Thus, your resting heart rate is an indicator of overall cardiovascular health.
Your blood pressure is a measure of the pressure within the cardiovascular system. This is represented as two numbers,
Systolic blood pressure (the first number) – indicates how much pressure your blood is exerting against your artery walls when the heart beats.
Diastolic blood pressure (the second number) – indicates how much pressure your blood is exerting against your artery walls while the heart is resting between beats.
High blood pressure is caused hypertension. This increased pressure is a stressor that can lead to long term cardiovascular health issues.
To Be Healthy, you want your Blood Pressure in the Normal Range, or slightly lower.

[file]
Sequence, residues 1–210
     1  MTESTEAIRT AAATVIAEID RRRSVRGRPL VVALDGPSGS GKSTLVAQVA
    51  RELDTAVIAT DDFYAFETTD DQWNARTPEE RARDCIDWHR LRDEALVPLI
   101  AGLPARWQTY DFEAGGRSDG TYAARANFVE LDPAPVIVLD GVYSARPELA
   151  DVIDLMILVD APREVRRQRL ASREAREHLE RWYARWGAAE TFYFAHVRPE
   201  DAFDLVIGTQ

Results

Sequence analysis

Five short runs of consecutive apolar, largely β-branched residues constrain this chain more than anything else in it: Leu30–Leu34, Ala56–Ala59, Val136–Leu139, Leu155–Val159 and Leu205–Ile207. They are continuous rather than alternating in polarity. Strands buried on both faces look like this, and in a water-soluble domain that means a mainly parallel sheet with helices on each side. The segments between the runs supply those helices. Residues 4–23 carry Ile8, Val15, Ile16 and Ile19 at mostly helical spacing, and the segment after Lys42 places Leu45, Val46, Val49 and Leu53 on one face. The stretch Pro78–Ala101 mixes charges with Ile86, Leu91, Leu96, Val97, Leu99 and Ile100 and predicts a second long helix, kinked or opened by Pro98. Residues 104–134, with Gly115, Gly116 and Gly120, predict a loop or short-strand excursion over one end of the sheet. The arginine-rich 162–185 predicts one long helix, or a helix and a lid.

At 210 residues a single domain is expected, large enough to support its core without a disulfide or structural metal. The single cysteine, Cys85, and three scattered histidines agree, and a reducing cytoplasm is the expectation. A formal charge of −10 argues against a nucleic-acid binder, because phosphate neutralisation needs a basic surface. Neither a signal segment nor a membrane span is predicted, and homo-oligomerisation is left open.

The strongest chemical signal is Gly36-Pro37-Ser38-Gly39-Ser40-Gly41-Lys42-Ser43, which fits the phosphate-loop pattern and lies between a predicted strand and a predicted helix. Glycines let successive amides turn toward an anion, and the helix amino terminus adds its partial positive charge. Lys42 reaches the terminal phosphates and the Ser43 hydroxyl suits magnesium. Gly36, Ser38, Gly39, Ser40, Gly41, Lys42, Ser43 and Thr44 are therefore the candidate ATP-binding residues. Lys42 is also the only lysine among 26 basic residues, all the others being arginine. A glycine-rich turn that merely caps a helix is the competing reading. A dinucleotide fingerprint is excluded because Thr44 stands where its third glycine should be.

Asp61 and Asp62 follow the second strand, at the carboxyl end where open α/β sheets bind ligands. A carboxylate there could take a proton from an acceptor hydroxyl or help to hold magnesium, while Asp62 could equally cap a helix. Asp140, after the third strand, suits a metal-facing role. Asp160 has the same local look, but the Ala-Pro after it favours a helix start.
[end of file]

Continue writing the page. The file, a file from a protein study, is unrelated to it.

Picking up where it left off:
4. HDL Cholesterol/Triglyceride Ratio-
The Ratio is your total triglycerides compared to your HDL cholesterol.
Ideally, you want no more than a 3:1 ratio of triglycerides to HDL cholesterol.
Optimally, you want 2:1 ratio or less. So, if your triglycerides are 100 mg/dl, your HDL cholesterol should be 50.
You find this ratio by getting a BLOOD TEST. That means blood is drawn, and a lipid panel is done. You cholesterol and blood lipids will be measured.
You will get numbers back. Total Cholesterol, HDL and LDL, and Triglycerides. It will look something like this
This panel is an example of someone might be warned by their doctor about HIGH CHOLESTEROL and be fear mongered into considering a statin or being told they need to change their diet.
Their total cholesterol is 204, slightly above the reference range of 100-199.
BUT, look at their Triglycerides and HDL.
Their HDL is greater than the Triglycerides!!